WRAP lost a very dear friend in 2017, Ruth Pleaner. We feel the loss every day. We are also uplifted by her friendship and supported by all the incredible systems and training she gave us with a huge heart full of love and vision. At a recent 30 year anniversary party for the Coalition On Homelessness in San Francisco Paul Boden shared some memories of his 29 year friendship and the amazing work of Ruth Pleaner. Rest in power and peace.
Normally I would ask Ruth what I should say at something like this. But I can’t do that. I do have a short story that I think helps exemplify Ruth. This story is from early on when the (San Francisco) Homeless Coalition was starting out. We were just coming up off the street and when poor people are coming off the street you’re not used to being around money the rules are not the most important thing you are doing. And well, we screwed some things up at first. It wasn’t because of stealing or cheating or anything, it was just mistakes. Stuff happens. This type of thing happens with a lot of new businesses but when you’re poor people some folks want to shut you down for it. We brought Ruth in to help us. We were in a small, funky office in the Tenderloin neighborhood. Really funky.
Ruth comes in and looks at our funky office and says “yeah, I’ll work for you. The only condition is I’m bringing my new baby to work with me every day.” And that’s how we met Max. It’s not the response we were expecting. A lot of people hid their kids behind them when they came in. But Ruth was different, she loved the space we were creating and she loved us. She started working for us and helped us to learn all the accounting rules and how to document and to be accountable to ourselves with money in a way that we understood, but would also help the foundations who were supporting us to understand what we were doing too. She taught us we didn’t need to be afraid of the arcane rules that were imposed on us or allow them to dictate how we do things. She taught us we could be accountable to ourselves first and foremost. We would give people a small stipend when they helped us out. That’s what we did. Most places didn’t do that but Ruth supported it and helped us do it right and explain it.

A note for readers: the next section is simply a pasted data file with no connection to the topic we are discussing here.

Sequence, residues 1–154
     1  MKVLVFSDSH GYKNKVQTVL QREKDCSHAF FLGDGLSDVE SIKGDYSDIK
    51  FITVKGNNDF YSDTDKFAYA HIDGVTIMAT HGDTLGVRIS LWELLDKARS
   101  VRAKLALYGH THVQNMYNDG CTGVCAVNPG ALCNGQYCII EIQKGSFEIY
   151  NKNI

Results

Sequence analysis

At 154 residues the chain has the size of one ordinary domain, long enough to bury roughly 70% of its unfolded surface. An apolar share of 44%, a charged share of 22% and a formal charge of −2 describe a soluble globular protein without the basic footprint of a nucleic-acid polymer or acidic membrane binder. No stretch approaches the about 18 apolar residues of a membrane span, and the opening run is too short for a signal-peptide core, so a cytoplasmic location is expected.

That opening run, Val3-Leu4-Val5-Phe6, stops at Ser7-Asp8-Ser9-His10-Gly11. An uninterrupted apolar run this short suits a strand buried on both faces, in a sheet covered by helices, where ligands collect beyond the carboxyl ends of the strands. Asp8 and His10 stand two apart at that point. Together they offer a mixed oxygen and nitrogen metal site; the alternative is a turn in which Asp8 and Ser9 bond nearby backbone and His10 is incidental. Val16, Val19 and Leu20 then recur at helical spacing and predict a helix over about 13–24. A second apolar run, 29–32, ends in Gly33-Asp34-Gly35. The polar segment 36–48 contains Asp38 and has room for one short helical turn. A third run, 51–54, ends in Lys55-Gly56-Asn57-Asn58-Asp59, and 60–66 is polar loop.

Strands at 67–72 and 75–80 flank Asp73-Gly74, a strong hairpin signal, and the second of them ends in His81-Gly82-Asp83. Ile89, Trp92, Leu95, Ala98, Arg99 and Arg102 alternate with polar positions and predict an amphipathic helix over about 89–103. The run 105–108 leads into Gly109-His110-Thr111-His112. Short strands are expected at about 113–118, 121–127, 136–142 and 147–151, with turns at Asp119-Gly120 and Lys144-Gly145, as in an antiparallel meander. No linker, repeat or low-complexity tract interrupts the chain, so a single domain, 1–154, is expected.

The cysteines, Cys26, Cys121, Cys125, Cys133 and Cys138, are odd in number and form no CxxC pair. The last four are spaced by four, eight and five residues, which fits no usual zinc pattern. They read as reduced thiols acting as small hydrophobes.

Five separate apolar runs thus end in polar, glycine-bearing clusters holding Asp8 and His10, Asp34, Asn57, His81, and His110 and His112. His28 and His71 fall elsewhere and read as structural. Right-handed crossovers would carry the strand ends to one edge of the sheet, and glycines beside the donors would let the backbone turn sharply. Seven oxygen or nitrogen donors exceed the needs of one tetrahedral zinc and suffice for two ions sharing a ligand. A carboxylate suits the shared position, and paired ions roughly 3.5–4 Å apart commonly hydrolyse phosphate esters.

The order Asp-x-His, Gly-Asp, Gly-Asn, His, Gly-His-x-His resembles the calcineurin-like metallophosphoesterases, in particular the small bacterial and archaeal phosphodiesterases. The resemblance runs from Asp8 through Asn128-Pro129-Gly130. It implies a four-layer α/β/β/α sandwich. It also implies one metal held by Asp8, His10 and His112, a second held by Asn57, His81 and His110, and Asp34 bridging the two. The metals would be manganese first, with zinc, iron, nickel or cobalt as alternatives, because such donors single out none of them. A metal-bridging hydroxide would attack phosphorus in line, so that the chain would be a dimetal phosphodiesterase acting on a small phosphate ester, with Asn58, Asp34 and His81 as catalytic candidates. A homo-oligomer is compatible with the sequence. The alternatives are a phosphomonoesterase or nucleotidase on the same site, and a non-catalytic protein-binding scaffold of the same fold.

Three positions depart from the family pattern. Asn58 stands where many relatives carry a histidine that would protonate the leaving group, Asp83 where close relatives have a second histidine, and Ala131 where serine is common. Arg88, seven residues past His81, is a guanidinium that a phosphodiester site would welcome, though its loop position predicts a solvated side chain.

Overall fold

We celebrate 30 years of kick ass resistance tonight but the truth is we probably would not have made it through year three without Ruth.
We worked together to start up WRAP, which is an extension of the Coalition and includes Portland, Los Angeles, Oakland, Sacramento and Denver. Ruth helped us set this up. She’s worked here for 12 years. Every single day for 12 years and not once asked “what’s in it for me.” We’d have intense meetings and Ruth would be sitting there knitting. It’s hard to be too intense when someone is knitting. She knew us so well and she knew how to speak and act from the heart.
The first time she did payroll at the Coalition Ruth realized she was getting paid more than others and she lowered her wage so it would be the same as everyone. I remember her saying “I didn’t think I needed to ask to pay myself less.” To this day every position starts out at the same rate of pay at the Coalition. Work is of equal importance. She felt just because she was the book keeper she didn’t think that was more important than organizing. When people admired or used this pay model Ruth never took credit. She gave the credit to the organization.
It’s how she moved through the world, with a spirit of social justice. She devoted a big chunk of her time for 29 years to help new organizations and new projects by having us be their fiscal agent, setting up systems and training people so they could do it on their own.
Ruth strongly believed that it was really important that we all bring different skills to the table. We’re all learning from each other and we are all a part of the community. And that’s how Ruth lived her life when she was with us and we thank her for it and miss her terribly.
WRAP sends our love and care to Ruth’s family and all her many, many friends.